Reports: Mike Shanahan agrees to coach Washington RedskinsBy AP
Tuesday, January 5, 2010
Reports: Shanahan agrees to coach Redskins
ASHBURN, Va. — Mike Shanahan agreed Tuesday night to become the Washington Redskins’ next coach, according to multiple reports.
The Denver Post reported on its Web site that Shanahan received a five-year deal from the Redskins, who fired Jim Zorn following a 4-12 season. Shanahan won two Super Bowls in 14 seasons with Denver but was fired a year ago after the Broncos missed the playoffs for the third straight season.
Shanahan will be Washington’s seventh coach since Dan Snyder bought the team in 1999. He is expected to be introduced at a news conference Wednesday afternoon.
Redskins general manager Bruce Allen was hired last month, but Shanahan will have the final authority on football decisions, according to ESPN.com.
Zorn went 12-20 over two seasons, but he lost 18 of his last 24 games after a 6-2 start in 2008. The Redskins struggled early despite a weak schedule this season and finished with their worst record since 1994.
While the Redskins awaited official word about their future coach, Clinton Portis went about rehashing the past — including his thoughts on quarterback Jason Campbell’s leadership skills.
During his weekly appearance on a local radio station, Portis talked about what it’s like to play for Shanahan — something the running back did for two seasons with the Broncos — and what it’s like to play with Campbell.
Asked on ESPN980 why Campbell was a team captain and he wasn’t, Portis replied: “I wonder the same thing. It’s no disrespect to Jason, but everybody in that locker room will tell you — you will never see Jason mad, you will never see Jason’s tempo change.”
Portis continued: “(He’s) going to give you everything (he’s) got. But as a leader … it was always, ‘Jason couldn’t take control of the huddle,’ or ‘He didn’t do this’ or ‘He didn’t do that.’ That wasn’t Jason’s character. … I think Jason, you can’t place so much on somebody who’s not ready for that situation. I think Jason has enough trouble in getting the plays in and worrying about this, compared to controlling the huddle.”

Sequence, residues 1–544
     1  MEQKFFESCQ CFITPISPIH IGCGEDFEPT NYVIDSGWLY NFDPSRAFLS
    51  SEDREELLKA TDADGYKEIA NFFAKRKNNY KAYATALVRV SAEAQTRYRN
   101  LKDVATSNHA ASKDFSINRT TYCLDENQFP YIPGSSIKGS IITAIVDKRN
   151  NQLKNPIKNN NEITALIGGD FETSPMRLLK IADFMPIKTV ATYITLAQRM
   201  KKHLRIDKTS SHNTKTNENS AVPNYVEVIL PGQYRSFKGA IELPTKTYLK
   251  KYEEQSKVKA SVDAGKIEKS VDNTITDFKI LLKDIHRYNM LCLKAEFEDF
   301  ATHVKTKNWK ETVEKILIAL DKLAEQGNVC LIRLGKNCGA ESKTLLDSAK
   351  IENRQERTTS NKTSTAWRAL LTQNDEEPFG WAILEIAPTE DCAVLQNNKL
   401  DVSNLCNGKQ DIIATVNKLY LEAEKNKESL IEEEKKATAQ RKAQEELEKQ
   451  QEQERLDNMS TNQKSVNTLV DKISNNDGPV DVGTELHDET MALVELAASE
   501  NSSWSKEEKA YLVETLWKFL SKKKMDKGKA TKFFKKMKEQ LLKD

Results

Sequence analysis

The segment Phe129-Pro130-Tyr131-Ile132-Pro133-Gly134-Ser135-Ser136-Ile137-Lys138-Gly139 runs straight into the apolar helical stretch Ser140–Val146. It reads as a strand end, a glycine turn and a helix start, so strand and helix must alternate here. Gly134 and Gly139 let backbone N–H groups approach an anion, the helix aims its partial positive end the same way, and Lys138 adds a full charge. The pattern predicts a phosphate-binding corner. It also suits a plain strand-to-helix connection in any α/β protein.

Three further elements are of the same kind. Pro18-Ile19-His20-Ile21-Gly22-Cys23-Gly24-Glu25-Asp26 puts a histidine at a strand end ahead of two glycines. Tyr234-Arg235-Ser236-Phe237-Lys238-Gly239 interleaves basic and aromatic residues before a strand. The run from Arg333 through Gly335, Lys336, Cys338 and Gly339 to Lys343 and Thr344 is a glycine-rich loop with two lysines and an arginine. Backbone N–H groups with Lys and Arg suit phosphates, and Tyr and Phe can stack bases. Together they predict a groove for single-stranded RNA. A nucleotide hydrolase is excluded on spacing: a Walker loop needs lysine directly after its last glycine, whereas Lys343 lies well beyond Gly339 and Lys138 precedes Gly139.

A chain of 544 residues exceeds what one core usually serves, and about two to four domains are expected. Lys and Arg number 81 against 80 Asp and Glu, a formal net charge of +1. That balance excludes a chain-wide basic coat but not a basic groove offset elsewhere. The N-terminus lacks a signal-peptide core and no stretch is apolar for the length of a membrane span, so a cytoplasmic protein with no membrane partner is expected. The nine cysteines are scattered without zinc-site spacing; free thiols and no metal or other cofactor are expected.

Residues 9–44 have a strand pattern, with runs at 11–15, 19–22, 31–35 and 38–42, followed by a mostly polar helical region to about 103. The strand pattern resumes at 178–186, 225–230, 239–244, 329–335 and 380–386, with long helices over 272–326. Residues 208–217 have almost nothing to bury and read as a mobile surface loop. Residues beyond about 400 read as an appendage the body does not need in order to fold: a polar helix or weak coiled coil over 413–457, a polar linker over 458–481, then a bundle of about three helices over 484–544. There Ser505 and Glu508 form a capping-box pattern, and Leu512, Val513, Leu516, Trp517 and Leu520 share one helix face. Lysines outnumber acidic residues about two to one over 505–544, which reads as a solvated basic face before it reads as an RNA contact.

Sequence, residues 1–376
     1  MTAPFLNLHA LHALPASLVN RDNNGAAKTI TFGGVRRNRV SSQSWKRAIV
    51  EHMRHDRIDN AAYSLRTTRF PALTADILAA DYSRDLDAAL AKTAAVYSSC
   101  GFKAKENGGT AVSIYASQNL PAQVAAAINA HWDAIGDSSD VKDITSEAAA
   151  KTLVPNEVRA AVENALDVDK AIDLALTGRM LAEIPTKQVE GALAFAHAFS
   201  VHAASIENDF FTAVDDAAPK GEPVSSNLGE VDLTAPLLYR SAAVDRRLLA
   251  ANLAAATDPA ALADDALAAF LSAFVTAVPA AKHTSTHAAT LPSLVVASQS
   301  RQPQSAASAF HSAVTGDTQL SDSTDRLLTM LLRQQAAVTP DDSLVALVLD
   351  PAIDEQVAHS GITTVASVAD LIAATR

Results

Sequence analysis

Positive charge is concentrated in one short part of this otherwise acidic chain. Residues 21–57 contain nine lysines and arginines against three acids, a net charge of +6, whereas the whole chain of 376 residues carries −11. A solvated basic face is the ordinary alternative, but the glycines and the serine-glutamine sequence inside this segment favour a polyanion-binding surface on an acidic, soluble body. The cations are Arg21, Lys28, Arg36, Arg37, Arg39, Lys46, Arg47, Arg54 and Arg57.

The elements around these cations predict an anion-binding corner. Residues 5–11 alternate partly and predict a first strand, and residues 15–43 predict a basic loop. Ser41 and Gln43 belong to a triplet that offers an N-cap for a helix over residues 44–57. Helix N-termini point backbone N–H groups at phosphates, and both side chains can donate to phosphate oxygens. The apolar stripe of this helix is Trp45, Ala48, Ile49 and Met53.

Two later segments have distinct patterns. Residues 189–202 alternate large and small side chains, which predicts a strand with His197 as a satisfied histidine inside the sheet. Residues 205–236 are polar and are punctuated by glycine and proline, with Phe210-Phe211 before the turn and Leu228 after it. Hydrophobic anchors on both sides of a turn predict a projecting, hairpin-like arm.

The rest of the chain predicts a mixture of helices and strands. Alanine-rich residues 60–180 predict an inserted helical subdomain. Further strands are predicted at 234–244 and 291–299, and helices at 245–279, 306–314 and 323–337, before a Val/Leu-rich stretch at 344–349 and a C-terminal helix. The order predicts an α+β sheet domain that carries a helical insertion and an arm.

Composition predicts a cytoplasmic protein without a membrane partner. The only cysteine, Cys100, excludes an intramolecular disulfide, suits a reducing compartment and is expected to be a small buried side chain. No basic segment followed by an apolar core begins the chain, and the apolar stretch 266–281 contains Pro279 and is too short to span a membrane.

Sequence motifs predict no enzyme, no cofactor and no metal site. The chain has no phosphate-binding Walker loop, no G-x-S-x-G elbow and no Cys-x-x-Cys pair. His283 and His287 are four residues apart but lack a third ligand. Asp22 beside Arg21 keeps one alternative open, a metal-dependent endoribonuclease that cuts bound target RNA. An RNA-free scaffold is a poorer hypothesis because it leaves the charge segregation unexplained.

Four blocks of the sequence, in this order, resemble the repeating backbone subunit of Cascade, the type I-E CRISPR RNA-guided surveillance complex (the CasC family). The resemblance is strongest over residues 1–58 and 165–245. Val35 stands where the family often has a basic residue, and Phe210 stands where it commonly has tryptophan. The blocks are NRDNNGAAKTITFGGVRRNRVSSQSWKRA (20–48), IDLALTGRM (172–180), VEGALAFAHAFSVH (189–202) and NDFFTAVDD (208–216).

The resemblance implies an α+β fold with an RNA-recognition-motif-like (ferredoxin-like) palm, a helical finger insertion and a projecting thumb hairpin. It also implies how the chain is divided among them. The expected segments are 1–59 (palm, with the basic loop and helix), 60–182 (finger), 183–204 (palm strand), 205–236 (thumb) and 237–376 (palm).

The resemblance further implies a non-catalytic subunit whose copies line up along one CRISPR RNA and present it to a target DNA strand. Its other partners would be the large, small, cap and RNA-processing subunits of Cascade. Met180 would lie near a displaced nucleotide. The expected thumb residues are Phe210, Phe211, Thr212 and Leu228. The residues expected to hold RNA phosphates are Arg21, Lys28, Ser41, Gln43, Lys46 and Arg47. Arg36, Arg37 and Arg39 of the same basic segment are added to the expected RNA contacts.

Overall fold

Portis told ESPN980 Campbell isn’t the type of player who would go to a coach and say, “‘Well, we need to do this or we need to do that,’ or ‘This is how the players want it.’”
Campbell responded by criticizing Portis’ work ethic, saying “there’s a reason guys don’t get selected as captains.”
“For those things to be said, questioning my character and questioning my leadership, I think that’s not the way to go, especially when you’re supposed to be a team guy,” Campbell told the Washington Post in a telephone interview. “Is that being a good teammate? If that’s the case, why is no one questioning my leadership and everyone is questioning his work ethic?”
It’s quite possible neither player will be with the Redskins next season.
Campbell can become a free agent. Portis missed the last half of the season after getting a concussion against Atlanta on Nov. 8, and he’ll turn 29 in September.
Portis also took exception to comments made by some teammates Monday about a lack of discipline this season and preferential treatment given to some players.
“Don’t wait for the season over to say that’s what the problem was. They could’ve came out and addressed those players and tried to stop it,” Portis told the radio station. “But you wait until the season’s over — and then it’s like a tell-all book came out.”
Although other players didn’t call out Portis specifically, he said before Campbell’s comments: “You would think out of everything that came out, probably the first name that come to mind would be me. I never missed curfew. I ain’t never left the hotel. I never did any of that. I think the only thing we did, there was a group of us that set up and played poker, and they broke that game up at 11 o’clock.”
As for Shanahan, Portis described the coach as “the perfect guy for the job” and a “straight shooter.”
“If you’re doing the stuff you’re supposed to be doing, you’re fine with him,” Portis told the radio station. “If you’re not, no matter how much you’re getting paid, he’s going to get you up out of there.”
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